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Heritage Society celebrates 25 years

By Myra Lee Adams Goff

This year the Heritage Society of New Braunfels is 25 years old. The formation of the Society happened because of a gift of land, buildings, and antique collections from the late Bill and Nan Dillen.

Here’s the story: After the 1972 flood here in NB, the citizens of Braunfels, Germany sent a gift of $1,500 to the Chamber of Commerce for the purpose of restoring the beauty of the town. As a result, the Chamber established the Braunfels Foundation Trust for restoration projects.

In 1985 the Dillens turned over their property to the Trust and the Heritage Society was formed to manage the property. Roxolin Krueger became the first president of the Society and Laverne Eberhard became the executive director

This valuable gift included the old Breustedt House on about 13 acres of land next to Conservation Plaza. The Breustedt house, built in 1858, was in danger of being demolished because of the expansion of Hwy. 46 (next to the NB Smokehouse) so the Dillens purchased it in 1965. The house was of German fachwerk construction and had been built by cotton farmer Andreas Breustedt and his wife Caroline. The small separate kitchen remained behind.

Like many others, the Dillens discovered NB while he was stationed at Kelly Field in San Antonio during WWII. Looking for a small town, they moved to NB and opened an interior decorating shop in 1946 on the corner of San Antonio and Santa Clara Sts.

In 1952 the Dillens purchased the Comal Hotel on the corner of San Antonio and Market and renamed it Prince Solms Inn. Marie Offerman, in describing the Inn said that the dirt basement under the Inn had been used by former owner Ted Eggeling to grow mushrooms to sell to restaurants and hotels in San Antonio. The Dillens added outside steps into the basement using stones from the torn-down jail building originally located on Main Plaza (vicinity of Black Whale Pub). These same stones formed the patio. Look at the steps the next time you go to the Piano Bar.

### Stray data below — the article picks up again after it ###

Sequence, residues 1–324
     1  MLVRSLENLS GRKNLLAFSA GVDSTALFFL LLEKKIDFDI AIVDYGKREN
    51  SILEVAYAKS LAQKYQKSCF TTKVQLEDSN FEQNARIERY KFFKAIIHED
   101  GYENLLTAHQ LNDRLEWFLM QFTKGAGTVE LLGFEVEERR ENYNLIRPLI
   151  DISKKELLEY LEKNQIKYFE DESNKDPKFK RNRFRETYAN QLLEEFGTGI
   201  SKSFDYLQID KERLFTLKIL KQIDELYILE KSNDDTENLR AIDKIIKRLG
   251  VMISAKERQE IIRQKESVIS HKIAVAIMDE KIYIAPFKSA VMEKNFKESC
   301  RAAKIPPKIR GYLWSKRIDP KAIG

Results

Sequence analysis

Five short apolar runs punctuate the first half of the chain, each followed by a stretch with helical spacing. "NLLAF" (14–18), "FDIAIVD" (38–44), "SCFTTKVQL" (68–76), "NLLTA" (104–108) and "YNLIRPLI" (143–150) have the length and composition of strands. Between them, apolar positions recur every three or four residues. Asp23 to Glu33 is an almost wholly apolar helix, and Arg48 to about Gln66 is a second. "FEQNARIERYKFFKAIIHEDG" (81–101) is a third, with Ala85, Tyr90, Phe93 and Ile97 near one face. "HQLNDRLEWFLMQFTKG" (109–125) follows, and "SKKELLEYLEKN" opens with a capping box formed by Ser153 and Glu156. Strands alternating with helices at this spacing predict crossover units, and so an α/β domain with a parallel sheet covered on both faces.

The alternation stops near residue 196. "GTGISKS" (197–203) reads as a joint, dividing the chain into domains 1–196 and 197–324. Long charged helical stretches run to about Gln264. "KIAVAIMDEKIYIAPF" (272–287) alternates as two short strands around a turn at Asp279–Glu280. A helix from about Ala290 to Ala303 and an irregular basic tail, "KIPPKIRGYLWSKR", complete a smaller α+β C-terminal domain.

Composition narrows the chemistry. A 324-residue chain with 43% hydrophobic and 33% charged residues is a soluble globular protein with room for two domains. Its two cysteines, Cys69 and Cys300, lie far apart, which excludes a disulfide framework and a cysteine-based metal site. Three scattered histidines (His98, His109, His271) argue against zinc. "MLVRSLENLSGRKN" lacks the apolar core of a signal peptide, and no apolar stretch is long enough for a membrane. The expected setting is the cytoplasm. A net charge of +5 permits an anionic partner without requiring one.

After selling Prince Solms Inn, the purchase of the Breustedt house was their next project. The house was renovated and they began collecting pieces of early handmade furniture by such craftsmen as Franz Stautzenberger, Friedrich Tietze, Heinrich Scholl, Johann Jahn, and other less known local craftsmen. Presently there are over 75 pieces of furniture made mostly of black walnut from banks of the Guadalupe and pine from the Bastrop area. Check out our Web–site for more on Johann Jahn (www.sophienburg.com, May 12, 2009).

Besides an extensive ironstone collection, there are many appointments from the old days like a rifle from one of Prince Carl’s soldiers. The Prince formed a group of 20 emigrants to serve as protectors of the group on the trek to the colony. They also protected the emigrants from Indians after arriving in New Braunfels. Looking at the rifle, one has to wonder what these soldiers must have felt like in a strange land, protecting the emigrants against who-knows-what.

The Foundation Trust deeded the property to the Heritage Society in 1999 and the name was changed to Heritage Village home of the Museum of Texas Handmade Furniture. The Society has added many buildings, including that small Breustedt kitchen. We can look forward to the restoration of the first German Protestant Church now in storage. Over the years the Society has been the home of Folkfest and the Kindermaskenball became part of that event in 1999.

The Heritage Society has done a good job of preserving a huge gift to New Braunfels by Bill and Nan Dillen. Executive Director Chere Stratemann invites you to attend their Silver Anniversary Celebration next Thursday (Oct. 15) at the McKenna Events Center. Reservations are due day after tomorrow, so call them at 629-6504 or go by the Chamber.

Ann and Bill Dillen stand in front of the Breustedt House. Their costumes are from Alsace-Lorraine (Elsass-Lothringen in German). There are many French and Germans living in the area.

Ann and Bill Dillen stand in front of the Breustedt House. Their costumes are from Alsace-Lorraine (Elsass-Lothringen in German). There are many French and Germans living in the area.